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Book: Fooled by Randomness by Nassim Nicholas Taleb

I picked up Fooled by Randomness: The Hidden Role of Chance in Life and in the Markets, by Nassim Nicholas Taleb, on the recommendation of a mathematician (Vipul Naik, my son). I was expecting a heavy treatise on economics and statistics. It was however a very engrossing book written in a lucid and conversational style, with historical events and everyday situations used freely to provide insights.

Here is the book summary/ key insights (that I picked up from the book):

1)      Human beings are wired in a way that they are unable to intuitively handle randomness and chance.

2)      We are adept at explaining everything through a cause-effect; because we just can’t handle uncertainty. And a statistical correlation does not necessarily mean one causes the other.

3)      Ignoring rare events (outliers) in building prediction models is fooling ourselves – rare events are a part of the process and environment, and their impact is rarely understood or considered by people.

4)      We try to explain extraordinary successes as the result of brilliant strategy or business model or formula or leadership skills or intelligence; while it is often just dumb luck. This is more so of domains like stock trading, marketing, and running a business. We try to learn from and emulate the “winners”, without much success ourselves (by trying to implement the so-called strategies of successful people). Basically, according to the book, many of the winners are just lucky fools :-).

5)      Nice symmetrical probability distributions cannot be expected of any human endeavor (symmetrical distributions may be used to understand controlled situations like gambling – toss of a coin, or rolling of a dice). When we simplify probability distributions and approximate them to neat curves, the results that we get are unreliable.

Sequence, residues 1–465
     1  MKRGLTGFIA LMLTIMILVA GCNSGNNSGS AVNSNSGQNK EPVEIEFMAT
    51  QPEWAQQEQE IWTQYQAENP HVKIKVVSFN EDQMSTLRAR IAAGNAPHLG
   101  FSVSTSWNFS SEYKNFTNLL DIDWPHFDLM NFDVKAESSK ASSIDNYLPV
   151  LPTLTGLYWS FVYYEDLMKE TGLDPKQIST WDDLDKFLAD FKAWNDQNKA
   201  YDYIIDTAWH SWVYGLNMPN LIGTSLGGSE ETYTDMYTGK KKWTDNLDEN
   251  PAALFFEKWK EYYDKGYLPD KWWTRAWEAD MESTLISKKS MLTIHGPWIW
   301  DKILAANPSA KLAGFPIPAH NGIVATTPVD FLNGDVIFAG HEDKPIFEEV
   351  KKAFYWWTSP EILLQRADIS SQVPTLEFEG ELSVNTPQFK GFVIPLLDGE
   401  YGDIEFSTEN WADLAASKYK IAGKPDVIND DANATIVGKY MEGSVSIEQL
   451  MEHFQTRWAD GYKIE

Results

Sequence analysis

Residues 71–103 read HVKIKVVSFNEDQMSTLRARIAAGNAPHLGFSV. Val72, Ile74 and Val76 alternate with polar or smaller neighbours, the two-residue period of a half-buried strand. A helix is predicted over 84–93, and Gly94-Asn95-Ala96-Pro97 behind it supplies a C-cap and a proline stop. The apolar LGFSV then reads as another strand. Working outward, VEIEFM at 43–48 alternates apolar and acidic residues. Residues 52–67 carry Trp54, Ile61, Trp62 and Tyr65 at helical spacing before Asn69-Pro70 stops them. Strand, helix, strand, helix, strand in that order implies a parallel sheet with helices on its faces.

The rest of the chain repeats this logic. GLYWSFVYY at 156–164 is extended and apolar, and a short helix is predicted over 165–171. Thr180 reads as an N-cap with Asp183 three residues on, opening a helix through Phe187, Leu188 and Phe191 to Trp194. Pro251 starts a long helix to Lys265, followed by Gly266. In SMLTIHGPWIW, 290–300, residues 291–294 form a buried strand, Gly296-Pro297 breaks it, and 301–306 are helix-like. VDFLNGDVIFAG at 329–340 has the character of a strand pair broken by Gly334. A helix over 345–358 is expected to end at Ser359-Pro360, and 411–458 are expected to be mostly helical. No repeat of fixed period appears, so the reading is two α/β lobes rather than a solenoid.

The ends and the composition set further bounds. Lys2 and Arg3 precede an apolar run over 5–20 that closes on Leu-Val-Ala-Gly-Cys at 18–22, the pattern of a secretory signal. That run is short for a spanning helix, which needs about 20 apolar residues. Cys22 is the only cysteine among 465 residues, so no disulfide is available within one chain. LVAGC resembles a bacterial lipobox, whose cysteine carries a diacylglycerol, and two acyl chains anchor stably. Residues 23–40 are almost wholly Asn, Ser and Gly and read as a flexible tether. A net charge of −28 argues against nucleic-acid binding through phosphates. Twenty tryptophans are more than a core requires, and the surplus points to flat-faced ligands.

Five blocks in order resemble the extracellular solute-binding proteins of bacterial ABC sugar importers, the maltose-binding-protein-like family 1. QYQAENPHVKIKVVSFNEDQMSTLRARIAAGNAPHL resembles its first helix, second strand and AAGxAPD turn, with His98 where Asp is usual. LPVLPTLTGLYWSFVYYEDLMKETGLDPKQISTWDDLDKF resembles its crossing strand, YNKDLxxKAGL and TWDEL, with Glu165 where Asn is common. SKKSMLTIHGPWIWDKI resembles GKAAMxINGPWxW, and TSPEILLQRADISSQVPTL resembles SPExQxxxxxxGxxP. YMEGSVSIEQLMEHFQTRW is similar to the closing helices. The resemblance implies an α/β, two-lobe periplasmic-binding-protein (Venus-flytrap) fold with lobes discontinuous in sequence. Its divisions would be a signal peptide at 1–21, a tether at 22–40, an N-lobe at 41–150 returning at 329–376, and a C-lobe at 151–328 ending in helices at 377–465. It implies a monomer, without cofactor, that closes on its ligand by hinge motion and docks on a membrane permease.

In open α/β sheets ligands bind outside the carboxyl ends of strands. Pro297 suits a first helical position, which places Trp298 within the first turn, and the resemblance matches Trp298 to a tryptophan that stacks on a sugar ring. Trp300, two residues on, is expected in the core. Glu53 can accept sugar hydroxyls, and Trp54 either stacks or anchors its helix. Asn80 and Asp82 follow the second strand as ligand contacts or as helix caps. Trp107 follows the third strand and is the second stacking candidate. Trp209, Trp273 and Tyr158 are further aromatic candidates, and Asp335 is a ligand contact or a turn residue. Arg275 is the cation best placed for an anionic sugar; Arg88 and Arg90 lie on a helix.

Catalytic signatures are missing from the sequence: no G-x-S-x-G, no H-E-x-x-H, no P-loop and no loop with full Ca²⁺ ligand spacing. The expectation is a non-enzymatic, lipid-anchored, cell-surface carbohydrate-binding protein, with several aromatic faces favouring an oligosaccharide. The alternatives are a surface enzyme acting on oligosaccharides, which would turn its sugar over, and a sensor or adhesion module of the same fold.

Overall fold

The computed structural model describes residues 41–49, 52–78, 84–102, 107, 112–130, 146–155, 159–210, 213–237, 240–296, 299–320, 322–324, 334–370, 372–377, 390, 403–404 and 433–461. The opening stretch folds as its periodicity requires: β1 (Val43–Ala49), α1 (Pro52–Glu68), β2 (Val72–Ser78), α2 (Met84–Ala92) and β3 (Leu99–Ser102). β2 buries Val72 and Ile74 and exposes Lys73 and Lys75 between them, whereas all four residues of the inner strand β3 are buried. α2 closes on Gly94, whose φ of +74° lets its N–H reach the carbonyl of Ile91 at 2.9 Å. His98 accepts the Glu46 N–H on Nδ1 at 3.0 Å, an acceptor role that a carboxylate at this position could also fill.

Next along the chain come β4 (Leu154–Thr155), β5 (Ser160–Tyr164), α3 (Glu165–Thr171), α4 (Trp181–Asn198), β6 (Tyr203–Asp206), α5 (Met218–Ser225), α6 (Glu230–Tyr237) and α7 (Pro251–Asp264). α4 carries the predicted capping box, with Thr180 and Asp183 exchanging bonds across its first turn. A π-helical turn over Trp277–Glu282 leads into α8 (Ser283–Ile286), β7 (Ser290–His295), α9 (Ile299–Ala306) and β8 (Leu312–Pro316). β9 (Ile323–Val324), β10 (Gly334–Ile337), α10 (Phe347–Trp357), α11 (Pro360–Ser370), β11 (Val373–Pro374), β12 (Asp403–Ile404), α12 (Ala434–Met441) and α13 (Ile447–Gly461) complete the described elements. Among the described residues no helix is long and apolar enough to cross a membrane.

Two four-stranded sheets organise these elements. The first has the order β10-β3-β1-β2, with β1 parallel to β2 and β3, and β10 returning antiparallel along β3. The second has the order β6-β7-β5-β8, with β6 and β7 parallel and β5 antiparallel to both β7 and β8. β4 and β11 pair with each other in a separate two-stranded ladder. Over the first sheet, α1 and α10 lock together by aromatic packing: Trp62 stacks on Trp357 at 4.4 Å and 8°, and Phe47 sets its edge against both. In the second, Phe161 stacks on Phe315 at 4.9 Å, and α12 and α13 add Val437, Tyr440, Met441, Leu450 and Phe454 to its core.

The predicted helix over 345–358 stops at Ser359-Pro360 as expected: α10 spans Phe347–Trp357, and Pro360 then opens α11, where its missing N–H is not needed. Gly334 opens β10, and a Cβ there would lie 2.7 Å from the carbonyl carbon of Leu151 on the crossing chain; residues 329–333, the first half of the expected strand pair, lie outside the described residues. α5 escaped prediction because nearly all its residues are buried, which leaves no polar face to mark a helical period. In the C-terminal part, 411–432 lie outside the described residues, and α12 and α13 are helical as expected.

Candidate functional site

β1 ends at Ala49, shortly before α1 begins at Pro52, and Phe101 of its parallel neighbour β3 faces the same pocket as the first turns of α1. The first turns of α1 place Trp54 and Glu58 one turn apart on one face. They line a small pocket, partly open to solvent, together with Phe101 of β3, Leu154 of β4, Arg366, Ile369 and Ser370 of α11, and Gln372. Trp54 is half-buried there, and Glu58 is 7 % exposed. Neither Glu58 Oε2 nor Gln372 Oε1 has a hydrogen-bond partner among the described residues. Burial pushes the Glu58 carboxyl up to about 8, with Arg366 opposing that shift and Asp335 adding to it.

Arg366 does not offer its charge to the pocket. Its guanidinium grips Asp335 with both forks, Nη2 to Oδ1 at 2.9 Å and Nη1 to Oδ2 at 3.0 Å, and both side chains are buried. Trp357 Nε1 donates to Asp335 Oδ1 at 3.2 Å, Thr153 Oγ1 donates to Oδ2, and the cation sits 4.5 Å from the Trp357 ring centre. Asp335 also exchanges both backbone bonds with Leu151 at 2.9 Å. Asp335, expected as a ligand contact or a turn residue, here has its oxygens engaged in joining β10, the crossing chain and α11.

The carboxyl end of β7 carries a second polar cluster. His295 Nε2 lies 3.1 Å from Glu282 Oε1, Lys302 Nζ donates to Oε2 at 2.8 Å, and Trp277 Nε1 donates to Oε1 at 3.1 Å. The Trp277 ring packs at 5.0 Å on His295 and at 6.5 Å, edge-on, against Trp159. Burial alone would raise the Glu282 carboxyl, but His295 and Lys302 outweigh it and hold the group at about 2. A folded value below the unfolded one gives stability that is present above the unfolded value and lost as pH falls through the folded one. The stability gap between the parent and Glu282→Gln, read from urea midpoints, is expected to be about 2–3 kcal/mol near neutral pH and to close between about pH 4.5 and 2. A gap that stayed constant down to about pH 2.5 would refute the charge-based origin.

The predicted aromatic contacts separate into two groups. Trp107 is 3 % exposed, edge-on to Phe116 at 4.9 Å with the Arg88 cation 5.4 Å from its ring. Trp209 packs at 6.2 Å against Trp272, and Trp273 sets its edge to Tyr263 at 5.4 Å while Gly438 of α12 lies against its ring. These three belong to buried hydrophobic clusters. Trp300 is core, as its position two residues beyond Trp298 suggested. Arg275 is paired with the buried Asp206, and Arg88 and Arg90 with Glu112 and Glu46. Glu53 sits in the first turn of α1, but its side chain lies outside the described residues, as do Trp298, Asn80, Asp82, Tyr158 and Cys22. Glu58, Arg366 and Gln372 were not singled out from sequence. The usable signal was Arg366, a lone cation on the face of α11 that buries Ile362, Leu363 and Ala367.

6)      Though Monte Carlo simulations are looked down upon (“that is cheating, it is not statistics!”) by purists, it is still be the best way to model complex, real situations and understand the potential randomness of the outcomes, and can be used for informed decision making.

7)      Past performance cannot be blindly used to predict future performance. Hence, we should not overestimate the accuracy of our beliefs just because we have been successful in the past, we should reexamine our beliefs based on logic, and always have a backup plan.

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Book: The Checklist Manifesto: How to Get Things Right by Atul Gawande

I had earlier read two engrossing books by Atul Gawande – Complications and Better. So when I saw The Checklist Manifesto while browsing in the neighborhood library, I decided to pick it up looking forward to an interesting read (some reviewers had strongly recommended it). The title also indicated that it may a good book to review for this weblog.

Well, I was partially right – it was suitable to post a review on this blog. So, here goes…